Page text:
Brian Halligan had a great post up last week about the lessons learned from raising a mezzanine round of financing. It’s really interesting, but perhaps only applicable to a more limited set of entrepreneurs. However, there was one gem of a small section in there with a more widely acceptable takeaway:
“It turns out that the terms from your Series A are most often cut and pasted into your later round deals. When you compromise on terms in the early stages, you will have to pay the price in the later stages. You generally don’t start from scratch and rehash the terms.”
As a seed stage investor here at NextView seeing our companies progress down fundraising paths, I think it’s extremely important to highlight that terms in early rounds do set precedent for terms going forward. And that’s not just for Series A deals; this phenomenon starts even from a Seed round.
One could cite that the reason for this behavior is pure laziness, as Brian alludes to in a “cut and paste” mentality of later investors. But the more meaningful reason that early financing terms endure into future rounds is that negotiation away from terms already in place are just that – negotiation. In other words, new investors must use their leverage in the discussions to proactively change those pre-existing terms rather than focus on price, new terms relevant only to this deal, or other aspects of this specific round where they have an interest in influencing (like syndicate composition or allocation). And even when that’s possible given the situation, the old terms provide an anchoring point for all new terms to be referenced against, so they don’t end up straying too far except if there’s a real meaningful reason for them to differ.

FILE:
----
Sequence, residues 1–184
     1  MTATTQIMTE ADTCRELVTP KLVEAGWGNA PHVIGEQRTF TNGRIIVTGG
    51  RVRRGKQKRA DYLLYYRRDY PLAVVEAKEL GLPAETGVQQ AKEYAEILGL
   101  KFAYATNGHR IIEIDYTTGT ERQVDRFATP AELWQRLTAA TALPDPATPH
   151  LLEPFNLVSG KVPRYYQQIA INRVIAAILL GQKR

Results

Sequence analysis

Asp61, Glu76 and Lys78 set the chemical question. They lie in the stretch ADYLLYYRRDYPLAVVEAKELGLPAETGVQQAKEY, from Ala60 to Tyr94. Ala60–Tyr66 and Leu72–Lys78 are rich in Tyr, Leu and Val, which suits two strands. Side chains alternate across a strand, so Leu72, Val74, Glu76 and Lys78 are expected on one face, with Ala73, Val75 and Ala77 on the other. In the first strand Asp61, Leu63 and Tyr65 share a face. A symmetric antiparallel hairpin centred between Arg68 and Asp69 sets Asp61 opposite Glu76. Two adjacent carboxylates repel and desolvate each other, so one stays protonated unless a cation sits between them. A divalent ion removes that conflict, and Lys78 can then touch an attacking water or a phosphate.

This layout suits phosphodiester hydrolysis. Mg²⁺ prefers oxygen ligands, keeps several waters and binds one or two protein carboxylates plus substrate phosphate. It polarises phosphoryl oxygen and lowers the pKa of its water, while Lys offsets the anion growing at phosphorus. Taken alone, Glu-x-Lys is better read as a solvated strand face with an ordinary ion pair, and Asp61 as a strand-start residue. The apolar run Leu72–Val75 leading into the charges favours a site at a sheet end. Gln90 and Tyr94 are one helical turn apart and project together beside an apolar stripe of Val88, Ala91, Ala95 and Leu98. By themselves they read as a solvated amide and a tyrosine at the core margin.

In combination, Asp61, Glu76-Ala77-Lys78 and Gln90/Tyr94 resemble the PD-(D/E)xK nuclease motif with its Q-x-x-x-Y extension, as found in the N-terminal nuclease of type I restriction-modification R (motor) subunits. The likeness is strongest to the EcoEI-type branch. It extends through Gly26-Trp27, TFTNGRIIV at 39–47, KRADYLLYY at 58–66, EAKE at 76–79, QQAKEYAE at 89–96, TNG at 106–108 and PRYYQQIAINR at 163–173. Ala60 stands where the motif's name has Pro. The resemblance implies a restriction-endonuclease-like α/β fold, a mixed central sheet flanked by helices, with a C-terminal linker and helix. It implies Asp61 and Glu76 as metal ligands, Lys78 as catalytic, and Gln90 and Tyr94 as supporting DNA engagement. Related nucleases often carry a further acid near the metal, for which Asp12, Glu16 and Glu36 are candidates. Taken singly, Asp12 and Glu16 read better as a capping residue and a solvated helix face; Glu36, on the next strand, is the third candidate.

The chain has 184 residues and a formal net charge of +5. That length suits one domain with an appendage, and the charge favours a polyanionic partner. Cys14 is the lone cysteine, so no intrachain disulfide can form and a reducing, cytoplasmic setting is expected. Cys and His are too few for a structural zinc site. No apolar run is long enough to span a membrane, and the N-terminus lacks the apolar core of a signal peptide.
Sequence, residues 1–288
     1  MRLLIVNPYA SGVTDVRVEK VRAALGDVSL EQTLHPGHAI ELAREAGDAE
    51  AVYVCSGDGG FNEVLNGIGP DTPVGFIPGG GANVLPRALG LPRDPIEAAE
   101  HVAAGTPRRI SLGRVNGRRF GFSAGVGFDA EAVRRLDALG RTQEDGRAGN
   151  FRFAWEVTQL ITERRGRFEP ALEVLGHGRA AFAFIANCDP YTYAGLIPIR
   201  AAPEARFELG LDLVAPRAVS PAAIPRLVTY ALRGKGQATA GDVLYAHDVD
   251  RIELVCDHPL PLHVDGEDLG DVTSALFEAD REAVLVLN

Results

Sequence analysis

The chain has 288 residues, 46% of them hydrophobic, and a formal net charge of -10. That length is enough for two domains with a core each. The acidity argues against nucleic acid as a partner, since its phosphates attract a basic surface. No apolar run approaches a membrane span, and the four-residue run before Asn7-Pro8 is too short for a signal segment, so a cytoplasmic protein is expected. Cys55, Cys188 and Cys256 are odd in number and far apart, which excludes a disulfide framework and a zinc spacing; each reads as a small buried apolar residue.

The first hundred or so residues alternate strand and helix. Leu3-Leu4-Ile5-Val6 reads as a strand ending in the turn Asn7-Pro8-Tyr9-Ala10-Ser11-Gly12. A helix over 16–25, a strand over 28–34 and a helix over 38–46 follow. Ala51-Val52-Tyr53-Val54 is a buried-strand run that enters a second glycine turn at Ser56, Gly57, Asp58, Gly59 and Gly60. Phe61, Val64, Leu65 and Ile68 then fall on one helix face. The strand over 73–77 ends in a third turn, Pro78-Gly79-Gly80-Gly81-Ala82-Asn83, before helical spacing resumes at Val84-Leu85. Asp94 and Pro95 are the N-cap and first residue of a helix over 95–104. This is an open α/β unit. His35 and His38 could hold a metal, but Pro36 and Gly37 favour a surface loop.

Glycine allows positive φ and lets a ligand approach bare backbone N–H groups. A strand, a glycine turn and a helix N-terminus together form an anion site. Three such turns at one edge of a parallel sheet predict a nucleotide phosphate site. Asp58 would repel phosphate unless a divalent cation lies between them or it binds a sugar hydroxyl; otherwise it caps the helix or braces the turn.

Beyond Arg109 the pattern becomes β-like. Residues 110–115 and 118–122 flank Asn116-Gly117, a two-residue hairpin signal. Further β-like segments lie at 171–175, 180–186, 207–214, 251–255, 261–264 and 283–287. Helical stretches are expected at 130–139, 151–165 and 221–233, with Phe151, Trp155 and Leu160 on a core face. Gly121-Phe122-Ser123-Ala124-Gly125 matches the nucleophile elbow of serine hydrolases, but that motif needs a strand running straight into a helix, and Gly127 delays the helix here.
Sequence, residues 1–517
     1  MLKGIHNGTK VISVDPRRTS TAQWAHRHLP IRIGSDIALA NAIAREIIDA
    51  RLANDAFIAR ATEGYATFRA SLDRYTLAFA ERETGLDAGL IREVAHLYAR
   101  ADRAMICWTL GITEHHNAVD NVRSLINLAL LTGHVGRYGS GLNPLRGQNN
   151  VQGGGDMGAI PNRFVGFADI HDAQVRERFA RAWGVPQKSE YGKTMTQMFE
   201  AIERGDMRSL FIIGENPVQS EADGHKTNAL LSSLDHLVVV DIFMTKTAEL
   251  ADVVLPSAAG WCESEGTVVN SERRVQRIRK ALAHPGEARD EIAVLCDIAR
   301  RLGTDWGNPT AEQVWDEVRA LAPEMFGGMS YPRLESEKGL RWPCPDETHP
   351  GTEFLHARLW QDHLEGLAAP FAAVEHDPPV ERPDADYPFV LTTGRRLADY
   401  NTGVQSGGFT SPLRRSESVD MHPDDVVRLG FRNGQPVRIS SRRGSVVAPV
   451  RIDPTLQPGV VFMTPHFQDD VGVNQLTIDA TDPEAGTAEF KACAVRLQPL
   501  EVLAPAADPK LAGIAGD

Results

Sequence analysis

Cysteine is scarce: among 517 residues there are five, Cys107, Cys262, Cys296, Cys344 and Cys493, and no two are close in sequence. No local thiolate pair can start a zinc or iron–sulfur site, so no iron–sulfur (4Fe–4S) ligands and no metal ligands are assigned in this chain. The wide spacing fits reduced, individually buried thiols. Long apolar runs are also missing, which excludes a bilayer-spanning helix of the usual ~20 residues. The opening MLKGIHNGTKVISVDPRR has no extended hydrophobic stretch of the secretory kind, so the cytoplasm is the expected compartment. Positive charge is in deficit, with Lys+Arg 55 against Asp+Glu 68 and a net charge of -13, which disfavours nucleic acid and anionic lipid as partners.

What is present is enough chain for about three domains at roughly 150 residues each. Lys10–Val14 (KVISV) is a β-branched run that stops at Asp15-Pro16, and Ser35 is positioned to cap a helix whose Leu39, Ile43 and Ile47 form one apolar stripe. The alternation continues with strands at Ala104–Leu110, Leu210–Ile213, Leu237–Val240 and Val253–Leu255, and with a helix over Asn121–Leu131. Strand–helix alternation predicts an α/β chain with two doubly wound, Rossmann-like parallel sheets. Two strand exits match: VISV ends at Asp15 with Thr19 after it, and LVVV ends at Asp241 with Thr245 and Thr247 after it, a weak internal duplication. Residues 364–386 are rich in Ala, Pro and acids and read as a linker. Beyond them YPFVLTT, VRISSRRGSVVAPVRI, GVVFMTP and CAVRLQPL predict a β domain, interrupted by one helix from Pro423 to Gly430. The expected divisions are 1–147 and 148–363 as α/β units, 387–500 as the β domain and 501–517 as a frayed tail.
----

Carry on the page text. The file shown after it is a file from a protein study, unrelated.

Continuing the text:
Given that this phenomenon is fairly pervasive, I think that there a number of takeaways for entrepreneurs who are raising early rounds of capital:
- While valuation is the most salient point in a deal and certainly important, terms matter quite a bit and A LOT more than most entrepreneurs pay attention to. Terms don’t start as in-your-face numerical figures… but they do end up that way when it comes time to exit.
- Earliest terms matter most, even and especially in the seed round, because they set not only the base literal structure, but also the “tone” for future financings. Once there is punitive-looking round, the more likely the company will be a punching-bag on terms in subsequent rounds moving forward. In contrast, valuation always has room to move up.
- Terms precedent is one solid reason (among others like founder-investor alignment) that entrepreneurs should have bias towards priced equity round vs. convertible notes in seed financings. While the intent of notes is often to delay setting a valuation until context is more crisp, kicking the can on terms can be dangerous. It’s preferable to set them early as possible when investors are most accommodating as in seed round (because they too have incentive for clean terms without bells & whistles which could eventually hurt them as well).
Yes, early terms endure. It makes sense then for everyone involved with early financings to consider not just the deal at hand, but also what it means for the future.